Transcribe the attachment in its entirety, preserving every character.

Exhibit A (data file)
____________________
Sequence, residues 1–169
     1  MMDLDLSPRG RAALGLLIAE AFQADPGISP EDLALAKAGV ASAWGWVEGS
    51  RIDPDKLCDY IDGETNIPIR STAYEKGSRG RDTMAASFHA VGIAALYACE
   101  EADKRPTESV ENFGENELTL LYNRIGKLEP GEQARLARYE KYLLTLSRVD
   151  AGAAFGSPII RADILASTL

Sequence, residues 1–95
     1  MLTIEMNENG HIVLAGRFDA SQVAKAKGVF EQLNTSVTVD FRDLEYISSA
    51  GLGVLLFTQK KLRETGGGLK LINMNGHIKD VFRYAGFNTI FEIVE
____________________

Sequence, residues 1–169
     1  MMDLDLSPRG RAALGLLIAE AFQADPGISP EDLALAKAGV ASAWGWVEGS
    51  RIDPDKLCDY IDGETNIPIR STAYEKGSRG RDTMAASFHA VGIAALYACE
   101  EADKRPTESV ENFGENELTL LYNRIGKLEP GEQARLARYE KYLLTLSRVD
   151  AGAAFGSPII RADILASTL

Sequence, residues 1–95
     1  MLTIEMNENG HIVLAGRFDA SQVAKAKGVF EQLNTSVTVD FRDLEYISSA
    51  GLGVLLFTQK KLRETGGGLK LINMNGHIKD VFRYAGFNTI FEIVE